How to Reach: Tavsal village in Guhagar, Ratnagiri.

History: Must have been built along with Jaigad fort to control the business route over Shastri river creek.

Vijaygad is a small fort on the northern bank of Shastri river creek in Arabian sea. It lies one KM ahead from Tavsal village towards Guhagar. It had a size of a quarter of acre and could have been used as a watchtower. As per the Government’s gazette, in year 1862, only wall ruins and a gun was found here. Today, we see only a bastion and no other remnants on the fort. The drinking water could have been arranged from nearby villages as there are no water tanks or well on the fort.

If we are coming from Ganpatipule or Jaigad, we need to first reach Jaigad Jetty and catch a ferryboat. This is a 15-20 minutes ride in the sea to Tavsal jetty. The transport is managed by a company named Suvardurga and we can even carry our vehicles. We saw few governments buses also being carried to other shore.

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The charges differ as per the size of vehicle and per person it costs Rs. 20. It can accommodate nearly 100 people and few cars, bikes and couple of buses too. The boat ride helps a lot in cutting down distance to reach Guhagar from Ratnagiri.

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The journey is mesmerizing as we drift through the sea surrounded by water from all the sides. The views are awesome from the boat. We can see lush green hills on both the sides. We can also spot both Jaigad and Vijaygad on opposite sides.

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From Tavsal jetty, Vijaygad fort lies 1 KM ahead to Guhagar road. We need to ascend a small hill by the road to reach the fort. There is a gate which is locked so we need to walk down the road and climb up from a place which has broken wall.

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We see a dilapidated bastion as we go left. It has overgrown bushes and it is very difficult to move ahead.

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There are rock made steps to get down from the bastion.

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These are the only things by which we can identify that there is a fort here. Surrounding this fort, we can see encroachment and it would not be long when we would lose this legacy. Government should take some action in restoration.

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As we move ahead, we get to see beautiful view of creek. We can also find Jaigad on the other side.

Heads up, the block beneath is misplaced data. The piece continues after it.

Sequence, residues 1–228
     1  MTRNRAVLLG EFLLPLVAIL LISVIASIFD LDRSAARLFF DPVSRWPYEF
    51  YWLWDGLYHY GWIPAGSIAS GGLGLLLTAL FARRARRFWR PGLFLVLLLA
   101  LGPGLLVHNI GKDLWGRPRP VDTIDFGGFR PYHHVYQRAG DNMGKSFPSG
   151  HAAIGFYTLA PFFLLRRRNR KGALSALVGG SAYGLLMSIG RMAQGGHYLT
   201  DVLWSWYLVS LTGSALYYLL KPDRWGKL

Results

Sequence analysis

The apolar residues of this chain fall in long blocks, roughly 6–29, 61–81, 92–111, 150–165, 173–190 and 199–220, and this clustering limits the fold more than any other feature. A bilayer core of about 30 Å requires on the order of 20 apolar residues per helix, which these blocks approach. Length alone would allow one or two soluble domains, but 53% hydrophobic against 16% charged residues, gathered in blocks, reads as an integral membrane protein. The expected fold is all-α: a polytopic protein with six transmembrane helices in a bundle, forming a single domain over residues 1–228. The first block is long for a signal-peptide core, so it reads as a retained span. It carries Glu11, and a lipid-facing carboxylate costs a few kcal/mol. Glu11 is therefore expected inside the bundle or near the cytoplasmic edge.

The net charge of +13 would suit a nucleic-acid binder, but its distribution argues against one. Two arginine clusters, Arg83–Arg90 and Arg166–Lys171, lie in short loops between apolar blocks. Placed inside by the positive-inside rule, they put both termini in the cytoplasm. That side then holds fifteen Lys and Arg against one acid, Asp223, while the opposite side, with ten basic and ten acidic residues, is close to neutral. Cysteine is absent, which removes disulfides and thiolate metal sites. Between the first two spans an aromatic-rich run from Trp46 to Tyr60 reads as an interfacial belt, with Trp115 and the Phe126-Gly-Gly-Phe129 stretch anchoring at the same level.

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We see some recent construction within the fort’s area.

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This completes the exploration of fort.

You can watch the vlog below:

Leave only your footprints, Take back only pleasant memories.

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Gowalkot aka Govindgad – A mesmerizing view over Vashishthi River

Fort State: In ruins

Difficulty: Easy

Endurance Level: Easy

Things to carry: Two liters of water, snacks, Trekking shoes.

Best time to visit: Any time of the year

Type: Hill Fort

Time to Explore: 45 Minutes

How to Reach: 6-8 KM away from Chiplun. Follow Google Maps.

History: It is said that this fort has been built by a king named “Chougle”. It later was ruled by Siddis of Janjira. When Chhatrapati Shivaji Maharaj captured this region, the fort was renamed to “Govindgad”. During Chhatrapati Sambhaji Maharaj’s time, Siddis won this fort again. There was a heavy skirmish between Peshwa and Siddis wherein Siddi was killed and Chimaji Appa brought the fort again to Marathas. Later it went to Angre and finally to Britishers.

Gowalkot is a small hill fort on the bank of Vashishthi river in Chiplun taluka of Ratnagiri district. On the foothills there is a beautiful temple of Lord Som and Goddess Karanjeshwari.

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There are steps behind this temple to climb up to the fort.

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The rocky steps are available till the entry gate. It takes only 15 minutes to reach the top.

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There is no gate. We see a couple of bastions as we reach up. There is a saffron flag on the left bastion.

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There must be a place for soldiers to keep a guard which is dilapidated.

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As we enter and go to left side, there are steps to go on the bastion.

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We can see a couple of cannons lying on the bastion. Also there is a flag hoisted.

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There are holes made in the wall. It was used to attack with cannons, arrows, etc.